From hairdresser to teacher: Sara Mendoza proves it’s never too late to follow your dream
Bay Area elementary school teacher and STARS grant recipient Sara Mendoza has worn many hats, but a graduation cap and gown fit her best. Simple perseverance took this former hairdresser from the beauty shop to the classroom.
As a College of Education graduate, Mendoza has found considerable success in her elementary school classroom teaching kindergartners and first graders, many of whom are not native English speakers. This success helped land her the STARS grant funds she used to obtain additional teaching materials for her students. And she also believes her unconventional career path makes her a better teacher overall. “I have been a farm worker, a warehouse employee for a paint factory, a hairdresser, a waitress, an IT tech, an education specialist,” says Mendoza. “Those jobs were all great. But there is something about being a teacher — working with kids and seeing them grow in their education — that is just awesome.
While Mendoza graduated high school with the goal of becoming a teacher, it didn’t happen right away. She struggled with college coursework, and eventually decided to pursue a career as a hairdresser instead. “I was having a wonderful time in my new career, but I always wanted to go back to school and get a degree,” says Mendoza.
I just love what I do.
That is what keeps me here.
After a few years, Mendoza looked into adult education options, and decided to pursue a Bachelor of Science in Management at University of Phoenix.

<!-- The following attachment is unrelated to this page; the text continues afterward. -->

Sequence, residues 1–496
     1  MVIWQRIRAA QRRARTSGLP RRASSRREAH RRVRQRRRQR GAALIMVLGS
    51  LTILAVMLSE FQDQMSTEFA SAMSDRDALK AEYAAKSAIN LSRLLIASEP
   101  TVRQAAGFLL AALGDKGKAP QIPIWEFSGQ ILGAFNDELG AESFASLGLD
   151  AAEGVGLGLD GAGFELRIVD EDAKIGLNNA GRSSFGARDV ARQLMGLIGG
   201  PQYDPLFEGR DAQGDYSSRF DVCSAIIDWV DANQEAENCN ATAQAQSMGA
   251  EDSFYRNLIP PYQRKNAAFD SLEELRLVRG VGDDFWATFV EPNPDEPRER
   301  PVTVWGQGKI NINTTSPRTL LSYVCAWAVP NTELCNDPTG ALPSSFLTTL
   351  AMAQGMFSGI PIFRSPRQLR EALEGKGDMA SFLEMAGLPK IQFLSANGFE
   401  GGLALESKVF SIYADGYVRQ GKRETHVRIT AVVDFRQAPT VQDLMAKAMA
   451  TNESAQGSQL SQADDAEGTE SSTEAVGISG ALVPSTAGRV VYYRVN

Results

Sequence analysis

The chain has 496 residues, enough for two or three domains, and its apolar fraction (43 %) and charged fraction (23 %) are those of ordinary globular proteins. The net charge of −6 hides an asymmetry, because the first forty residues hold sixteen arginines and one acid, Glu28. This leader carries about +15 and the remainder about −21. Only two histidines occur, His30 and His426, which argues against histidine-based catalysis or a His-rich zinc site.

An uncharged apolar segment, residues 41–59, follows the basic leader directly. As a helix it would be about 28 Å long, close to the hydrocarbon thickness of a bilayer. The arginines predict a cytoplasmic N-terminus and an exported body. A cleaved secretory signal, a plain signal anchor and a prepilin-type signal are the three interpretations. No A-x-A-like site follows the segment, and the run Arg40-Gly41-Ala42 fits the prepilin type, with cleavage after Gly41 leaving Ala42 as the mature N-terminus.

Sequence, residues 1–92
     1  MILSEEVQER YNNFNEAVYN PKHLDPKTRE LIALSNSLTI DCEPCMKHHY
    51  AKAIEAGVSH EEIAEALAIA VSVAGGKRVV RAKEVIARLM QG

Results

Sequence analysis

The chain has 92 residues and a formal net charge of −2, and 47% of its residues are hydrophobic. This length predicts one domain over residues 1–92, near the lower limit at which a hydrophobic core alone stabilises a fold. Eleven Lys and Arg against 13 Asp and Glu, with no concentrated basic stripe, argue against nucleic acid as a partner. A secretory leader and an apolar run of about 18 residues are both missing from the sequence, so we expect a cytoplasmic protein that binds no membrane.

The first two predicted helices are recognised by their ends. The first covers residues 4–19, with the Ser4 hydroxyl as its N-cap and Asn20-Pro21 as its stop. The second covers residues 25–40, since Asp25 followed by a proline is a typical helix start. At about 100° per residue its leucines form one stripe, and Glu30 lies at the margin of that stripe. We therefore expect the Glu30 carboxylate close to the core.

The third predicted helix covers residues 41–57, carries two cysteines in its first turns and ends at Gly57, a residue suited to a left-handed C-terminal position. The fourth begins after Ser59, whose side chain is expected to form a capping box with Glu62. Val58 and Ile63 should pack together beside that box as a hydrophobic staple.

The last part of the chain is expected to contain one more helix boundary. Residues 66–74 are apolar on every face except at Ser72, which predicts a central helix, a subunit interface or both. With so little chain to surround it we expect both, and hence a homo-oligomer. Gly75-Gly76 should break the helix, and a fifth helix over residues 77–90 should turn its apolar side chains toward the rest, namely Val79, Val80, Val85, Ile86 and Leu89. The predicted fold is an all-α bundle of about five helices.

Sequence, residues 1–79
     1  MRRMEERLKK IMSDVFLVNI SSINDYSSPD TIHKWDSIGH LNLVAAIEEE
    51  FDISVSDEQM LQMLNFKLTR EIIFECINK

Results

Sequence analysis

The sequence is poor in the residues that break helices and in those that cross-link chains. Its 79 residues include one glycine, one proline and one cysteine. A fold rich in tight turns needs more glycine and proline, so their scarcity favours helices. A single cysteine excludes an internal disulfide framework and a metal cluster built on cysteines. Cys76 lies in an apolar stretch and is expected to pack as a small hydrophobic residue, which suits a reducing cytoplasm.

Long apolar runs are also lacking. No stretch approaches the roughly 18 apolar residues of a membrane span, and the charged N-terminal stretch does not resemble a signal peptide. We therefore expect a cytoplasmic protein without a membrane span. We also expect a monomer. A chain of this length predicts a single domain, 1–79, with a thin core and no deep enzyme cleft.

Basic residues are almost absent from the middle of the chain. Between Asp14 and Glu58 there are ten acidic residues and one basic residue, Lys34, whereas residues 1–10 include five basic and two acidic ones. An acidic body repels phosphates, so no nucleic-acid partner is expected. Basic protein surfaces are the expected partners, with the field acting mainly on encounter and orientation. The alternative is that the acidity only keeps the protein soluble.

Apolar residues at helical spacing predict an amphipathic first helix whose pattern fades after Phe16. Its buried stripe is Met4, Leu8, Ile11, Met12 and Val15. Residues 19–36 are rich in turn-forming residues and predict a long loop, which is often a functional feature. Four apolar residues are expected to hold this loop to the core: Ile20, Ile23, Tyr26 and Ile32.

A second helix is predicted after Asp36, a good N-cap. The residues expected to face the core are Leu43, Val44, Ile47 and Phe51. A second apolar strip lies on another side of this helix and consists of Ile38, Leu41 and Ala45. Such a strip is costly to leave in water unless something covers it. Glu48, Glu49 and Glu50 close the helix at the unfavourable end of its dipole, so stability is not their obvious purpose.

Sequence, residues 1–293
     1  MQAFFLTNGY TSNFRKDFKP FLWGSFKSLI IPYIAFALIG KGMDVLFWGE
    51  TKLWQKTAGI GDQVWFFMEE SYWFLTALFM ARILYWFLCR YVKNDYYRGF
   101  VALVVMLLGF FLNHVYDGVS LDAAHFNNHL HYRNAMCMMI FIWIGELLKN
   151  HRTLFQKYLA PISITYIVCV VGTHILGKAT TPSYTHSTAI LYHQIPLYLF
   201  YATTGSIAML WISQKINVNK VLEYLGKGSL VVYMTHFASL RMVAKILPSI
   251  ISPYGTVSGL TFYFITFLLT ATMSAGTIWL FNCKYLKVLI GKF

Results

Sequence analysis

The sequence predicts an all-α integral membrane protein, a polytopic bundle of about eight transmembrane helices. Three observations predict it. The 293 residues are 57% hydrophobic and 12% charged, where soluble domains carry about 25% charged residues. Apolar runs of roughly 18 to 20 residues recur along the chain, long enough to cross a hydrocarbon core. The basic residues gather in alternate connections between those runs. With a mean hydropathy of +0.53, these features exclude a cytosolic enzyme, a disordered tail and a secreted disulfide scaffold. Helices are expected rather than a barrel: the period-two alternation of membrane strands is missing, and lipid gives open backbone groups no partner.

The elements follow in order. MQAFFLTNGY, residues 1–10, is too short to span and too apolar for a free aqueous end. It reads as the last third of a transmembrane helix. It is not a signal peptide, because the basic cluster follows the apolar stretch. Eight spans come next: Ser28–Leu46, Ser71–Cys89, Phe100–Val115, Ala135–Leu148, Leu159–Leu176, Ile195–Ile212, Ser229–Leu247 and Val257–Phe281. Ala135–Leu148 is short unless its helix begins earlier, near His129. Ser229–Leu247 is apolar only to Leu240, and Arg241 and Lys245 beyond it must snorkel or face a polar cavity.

She also landed a job there. Mendoza worked for various departments at University of Phoenix while pursuing her degree, including a stint as an Enrollment Advisor. But when she accepted a position with the College of Education, it spurred her to finally pursue her life’s dream of becoming a teacher.
“When I started working there, I looked at what the Master of Arts in Education degree program had to offer,” Mendoza says. “I saw it as my chance to reach the career goal I’d had ever since high school.”
Mendoza has witnessed first-hand the long-term benefits of the STARS grant, which University of Phoenix established to offer funds for classroom supplies to Bay Area teachers who are also University alumni. She has plenty of advice to share with other teachers seeking grant funding.
“When it comes to applying for grants, it really helps to find the particular needs of your students and apply for funds accordingly,” she explains. “Using the Zoo-phonics® program I purchased with the STARS grant, I was able to improve my teaching [methods] with my English-language learners.” Not only that, the success Mendoza has achieved with the Zoo-phonics® program has inspired other teachers in her district to use the program with their students as well.
Would Mendoza ever leave the classroom in favor of yet another career? She insists that’s not in the cards. “I just love what I do,” she says. “That is what keeps me here.”
Zoo-phonics® is a registered trademark of Zoo-phonics Inc.